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On terrorism, independents flip: They side with Republicans. They disapprove of Bush's handling of the economy and Iraq (according to the CBS News poll), but they approve, by 50 to 38 percent, of his handling of the war on terror. True, they have reservations. They think the government could have done more. But a CNN/USA Today/Gallup poll taken just after the London bombings, earlier this month, tells the story: 54 percent of independents (against 91 percent of Republicans and 43 percent of Democrats) said they had a great deal or a moderate amount of confidence in the Bush administration to protect Americans from terrorism, versus 45 percent who had not much or no confidence. Similarly, majorities of independents side with Republicans, and against Democrats, in supporting continued operation of the Pentagon's detention camp at Guantanamo and in approving of the treatment of prisoners there.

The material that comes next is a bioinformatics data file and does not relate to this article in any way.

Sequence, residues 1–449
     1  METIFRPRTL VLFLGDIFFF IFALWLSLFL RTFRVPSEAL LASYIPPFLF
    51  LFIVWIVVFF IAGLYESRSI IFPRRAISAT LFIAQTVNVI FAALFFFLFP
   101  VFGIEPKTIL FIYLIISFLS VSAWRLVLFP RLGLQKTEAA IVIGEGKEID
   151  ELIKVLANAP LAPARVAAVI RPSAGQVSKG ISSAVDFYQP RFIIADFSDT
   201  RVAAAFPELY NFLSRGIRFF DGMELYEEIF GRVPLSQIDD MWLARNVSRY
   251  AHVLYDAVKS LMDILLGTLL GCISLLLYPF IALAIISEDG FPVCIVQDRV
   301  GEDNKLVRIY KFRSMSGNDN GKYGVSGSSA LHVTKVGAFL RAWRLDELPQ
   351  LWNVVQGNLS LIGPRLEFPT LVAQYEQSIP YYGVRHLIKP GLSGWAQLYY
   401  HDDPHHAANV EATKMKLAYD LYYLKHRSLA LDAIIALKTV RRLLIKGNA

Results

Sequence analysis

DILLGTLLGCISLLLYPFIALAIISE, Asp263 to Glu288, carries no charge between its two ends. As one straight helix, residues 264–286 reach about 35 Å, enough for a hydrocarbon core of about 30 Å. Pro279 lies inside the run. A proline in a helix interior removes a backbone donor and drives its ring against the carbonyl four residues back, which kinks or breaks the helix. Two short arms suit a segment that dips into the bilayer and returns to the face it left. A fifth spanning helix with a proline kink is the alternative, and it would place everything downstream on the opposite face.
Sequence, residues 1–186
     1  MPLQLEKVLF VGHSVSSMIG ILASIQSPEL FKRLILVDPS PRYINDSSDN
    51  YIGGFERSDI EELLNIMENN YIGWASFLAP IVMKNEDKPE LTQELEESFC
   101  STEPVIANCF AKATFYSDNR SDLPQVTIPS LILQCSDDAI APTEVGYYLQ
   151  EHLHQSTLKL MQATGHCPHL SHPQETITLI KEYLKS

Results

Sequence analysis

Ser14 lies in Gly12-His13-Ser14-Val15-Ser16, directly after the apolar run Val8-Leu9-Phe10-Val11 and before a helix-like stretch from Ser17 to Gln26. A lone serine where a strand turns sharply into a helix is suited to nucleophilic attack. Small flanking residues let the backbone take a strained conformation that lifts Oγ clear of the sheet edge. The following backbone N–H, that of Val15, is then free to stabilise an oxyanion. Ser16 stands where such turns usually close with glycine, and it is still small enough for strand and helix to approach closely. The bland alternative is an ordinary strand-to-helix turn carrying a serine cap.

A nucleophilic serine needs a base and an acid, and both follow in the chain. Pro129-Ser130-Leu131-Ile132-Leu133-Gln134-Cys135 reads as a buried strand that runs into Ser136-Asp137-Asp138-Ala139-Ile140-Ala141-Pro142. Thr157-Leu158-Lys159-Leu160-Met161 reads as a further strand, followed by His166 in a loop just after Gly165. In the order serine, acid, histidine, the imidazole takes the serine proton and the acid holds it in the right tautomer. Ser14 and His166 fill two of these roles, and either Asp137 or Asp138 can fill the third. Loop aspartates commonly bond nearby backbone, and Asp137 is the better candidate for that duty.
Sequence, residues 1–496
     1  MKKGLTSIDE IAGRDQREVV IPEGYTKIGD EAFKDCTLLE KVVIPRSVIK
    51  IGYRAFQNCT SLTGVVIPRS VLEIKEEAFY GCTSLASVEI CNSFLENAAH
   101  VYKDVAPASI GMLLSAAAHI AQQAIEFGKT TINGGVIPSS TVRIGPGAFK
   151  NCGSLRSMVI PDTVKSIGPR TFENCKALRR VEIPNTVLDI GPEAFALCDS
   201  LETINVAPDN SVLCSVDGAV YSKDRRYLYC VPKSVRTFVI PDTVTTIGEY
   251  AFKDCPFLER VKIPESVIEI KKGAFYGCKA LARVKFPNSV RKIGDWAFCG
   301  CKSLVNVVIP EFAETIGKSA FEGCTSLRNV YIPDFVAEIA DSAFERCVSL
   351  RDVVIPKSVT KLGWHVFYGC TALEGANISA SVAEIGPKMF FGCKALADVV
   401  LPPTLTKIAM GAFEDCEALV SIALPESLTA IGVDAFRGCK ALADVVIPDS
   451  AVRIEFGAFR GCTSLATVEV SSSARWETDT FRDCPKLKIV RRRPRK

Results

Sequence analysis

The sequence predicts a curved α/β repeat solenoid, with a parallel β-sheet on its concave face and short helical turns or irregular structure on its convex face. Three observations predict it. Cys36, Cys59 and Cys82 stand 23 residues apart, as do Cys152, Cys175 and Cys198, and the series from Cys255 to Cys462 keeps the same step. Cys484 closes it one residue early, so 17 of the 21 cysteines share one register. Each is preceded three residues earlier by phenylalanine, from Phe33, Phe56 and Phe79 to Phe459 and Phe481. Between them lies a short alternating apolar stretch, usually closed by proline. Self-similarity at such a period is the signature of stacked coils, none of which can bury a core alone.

Think of Bush's administration, then, as a life-preserver presidency, kept afloat by a single crucial issue. In much the same way that the "party of prosperity" issue once gave Democrats an imposing advantage in national politics, the "tough on terrorism" issue is today advantaging Republicans.
For now. Insulated from mainstream opinion by their seemingly permanent "party of prosperity" advantage, Democrats moved left in the 1960s and 1970s. When stagflation robbed them of their economic edge, they found themselves stranded. The terrorism advantage is similarly lulling Republicans rightward. If they lose it, or if terrorism loses salience, then the life preserver is gone, and Republicans sink.
Bush's choice of John G. Roberts Jr., a relatively uncontroversial Supreme Court nominee, may suggest an awareness of the problem. Then again, it may not. The trouble with a life preserver, after all, is that you neglect to swim.
© Copyright 2006 National Journal
Jonathan Rauch is a senior writer and columnist for National Journal and a frequent contributor to Reason. The article was originally published by National Journal.